One fish, Two fish


A while ago I bought my kids a fish tank and 7 fish. We named them Bashful, Doc, Dopey, Grumpy, Happy, Sleepy and Sneezy. The next day 2 of them had died, so we decided to rename them Shaggy, Fred, Scooby, Velma and Daphne. In less than a week we had 2 left. They were named Swimmy and Splashy.....there's only so many times one can be creative in a lifetime...

Writer's block

Think Before You Blog

Wednesday, March 4, 2009

Sorting the dark from the light


I was reading an article in the BBC news today. It describes how a British man who has been blind for 30 years has been given a “bionic eye” and he can now see flashes of light, and is able to discern between dark and light.

Quote from the article:

Ron, 73, had the experimental surgery seven months ago at London's Moorfield's eye hospital. He says he can now follow white lines on the road, and even sort socks, using the bionic eye, known as Argus II.

It uses a camera and video processor mounted on sunglasses to send captured images wirelessly to a tiny receiver on the outside of the eye. In turn, the receiver passes on the data via a tiny cable to an array of electrodes which sit on the retina - the layer of specialised cells that normally respond to light found at the back of the eye. When these electrodes are stimulated they send messages along the optic nerve to the brain, which is able to perceive patterns of light and dark spots corresponding to which electrodes have been stimulated. The hope is that patients will learn to interpret the visual patterns produced into meaningful images.

Ron told the BBC: "For 30 years I've seen absolutely nothing at all, it's all been black, but now light is coming through. Suddenly to be able to see light again is truly wonderful. "I can actually sort out white socks, grey socks and black socks." Ron's wife Tracy is also hugely encouraged by the progress he has made. She said: "He can do a lot more now than he could before, doing the washing, being able to tell white from a coloured item. "I've taught him how to use the washing machine and away he goes. It's just the ironing next."


Well, I’m glad to see that the huge investment in technology has all been worth it. Ron’s quality of life has obviously been vastly improved; imagine going through life never being able to experience the simple pleasure of sorting out socks from the washing pile….

Tuesday, March 3, 2009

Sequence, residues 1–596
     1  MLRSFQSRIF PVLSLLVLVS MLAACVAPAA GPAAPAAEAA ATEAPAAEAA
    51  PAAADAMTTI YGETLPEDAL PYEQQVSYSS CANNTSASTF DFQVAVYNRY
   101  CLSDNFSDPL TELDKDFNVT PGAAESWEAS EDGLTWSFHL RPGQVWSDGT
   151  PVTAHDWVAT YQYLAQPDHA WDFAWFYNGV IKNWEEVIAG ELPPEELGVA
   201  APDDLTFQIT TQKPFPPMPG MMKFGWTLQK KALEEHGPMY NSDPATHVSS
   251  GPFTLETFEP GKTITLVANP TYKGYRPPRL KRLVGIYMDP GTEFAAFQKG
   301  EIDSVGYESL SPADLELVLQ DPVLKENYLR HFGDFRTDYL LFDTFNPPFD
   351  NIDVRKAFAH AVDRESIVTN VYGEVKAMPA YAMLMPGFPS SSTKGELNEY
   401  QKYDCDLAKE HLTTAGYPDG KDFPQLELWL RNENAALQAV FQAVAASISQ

Like a kid in a Candy shop




Today I am very sad. Why? Well let me tell you .....


The 2 pictures above are of the best chocolate bar in the world (IMHO). To those that don't know, this is a Cadburys“Crunchie”, and it is milk chocolate wrapped around a hard, crunchy, bubbly, honeycomb filling. These are not readily available in the US; not even in the Irish section of the supermarket.

I was browsing through Amazon a few weeks ago and what do I see in their inventory of food items but a pack of 12 Crunchies! Because I had a birthday coming up , I added them to my wishlist. This was quickly spotted and ordered as a gift to me by Helen, my cousin-in-law and fellow chocolate-lover. Before I could say “Hershey’s chocolate smells of vomit”, a pack of 12 Crunchies appeared in my mailbox. So far so good, I hear you say....

However, after carefully rationing them out to myself (and children) over the past week, I screwed up yesterday and ate 3 in a row. That’s why I’m sad. Do you know how many hours I am going to have to do on the elliptical to get rid of those calories! And to top it all, I now don't have many left in the fridge, two to be exact.

There’s only one thing I can do, and that is to order more. If I get used to having them in the fridge all the time, then I won’t be craving them all the time.

By the way, for the Brits abroad, Amazon also sells Turkish Delights, real Mars Bars, Cadbury Flakes, Treacle pudding, and PG Tips Teabags, all of which are difficult to find in the US. Lifesavers, that’s what they are!! Now if they would only stock Tunnock’s teacakes, I’d be as happy as a kid in a candy shop.